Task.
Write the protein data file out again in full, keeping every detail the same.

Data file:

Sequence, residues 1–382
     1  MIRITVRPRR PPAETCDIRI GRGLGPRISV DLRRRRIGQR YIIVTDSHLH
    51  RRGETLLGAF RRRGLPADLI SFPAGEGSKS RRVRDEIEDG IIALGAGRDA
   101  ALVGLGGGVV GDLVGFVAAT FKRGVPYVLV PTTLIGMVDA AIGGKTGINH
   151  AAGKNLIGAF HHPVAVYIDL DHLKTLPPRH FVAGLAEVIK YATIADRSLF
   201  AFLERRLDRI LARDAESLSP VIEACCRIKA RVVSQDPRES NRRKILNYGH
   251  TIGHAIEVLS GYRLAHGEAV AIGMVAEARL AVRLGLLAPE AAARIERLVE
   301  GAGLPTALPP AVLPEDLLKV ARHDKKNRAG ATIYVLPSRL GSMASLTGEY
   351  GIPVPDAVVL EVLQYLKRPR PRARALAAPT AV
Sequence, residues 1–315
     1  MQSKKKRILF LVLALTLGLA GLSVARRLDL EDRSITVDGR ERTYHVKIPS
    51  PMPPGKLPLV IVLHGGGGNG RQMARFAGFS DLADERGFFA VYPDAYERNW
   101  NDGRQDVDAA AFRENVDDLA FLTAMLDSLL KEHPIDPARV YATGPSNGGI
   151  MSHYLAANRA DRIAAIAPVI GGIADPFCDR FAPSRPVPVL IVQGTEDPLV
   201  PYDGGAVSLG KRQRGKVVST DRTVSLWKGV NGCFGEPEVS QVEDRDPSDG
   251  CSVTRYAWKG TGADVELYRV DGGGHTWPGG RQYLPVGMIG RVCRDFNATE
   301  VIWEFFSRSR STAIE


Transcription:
Sequence, residues 1–382
     1  MIRITVRPRR PPAETCDIRI GRGLGPRISV DLRRRRIGQR YIIVTDSHLH
    51  RRGETLLGAF RRRGLPADLI SFPAGEGSKS RRVRDEIEDG IIALGAGRDA
   101  ALVGLGGGVV GDLVGFVAAT FKRGVPYVLV PTTLIGMVDA AIGGKTGINH
   151  AAGKNLIGAF HHPVAVYIDL DHLKTLPPRH FVAGLAEVIK YATIADRSLF
   201  AFLERRLDRI LARDAESLSP VIEACCRIKA RVVSQDPRES NRRKILNYGH
   251  TIGHAIEVLS GYRLAHGEAV AIGMVAEARL AVRLGLLAPE AAARIERLVE
   301  GAGLPTALPP AVLPEDLLKV ARHDKKNRAG ATIYVLPSRL GSMASLTGEY
   351  GIPVPDAVVL EVLQYLKRPR PRARALAAPT AV
Sequence, residues 1–315
     1  MQSKKKRILF LVLALTLGLA GLSVARRLDL EDRSITVDGR ERTYHVKIPS
    51  PMPPGKLPLV IVLHGGGGNG RQMARFAGFS DLADERGFFA VYPDAYERNW
   101  NDGRQDVDAA AFRENVDDLA FLTAMLDSLL KEHPIDPARV YATGPSNGGI
   151  MSHYLAANRA DRIAAIAPVI GGIADPFCDR FAPSRPVPVL IVQGTEDPLV
   201  PYDGGAVSLG KRQRGKVVST DRTVSLWKGV NGCFGEPEVS QVEDRDPSDG
   251  CSVTRYAWKG TGADVELYRV DGGGHTWPGG RQYLPVGMIG RVCRDFNATE
   301  VIWEFFSRSR STAIE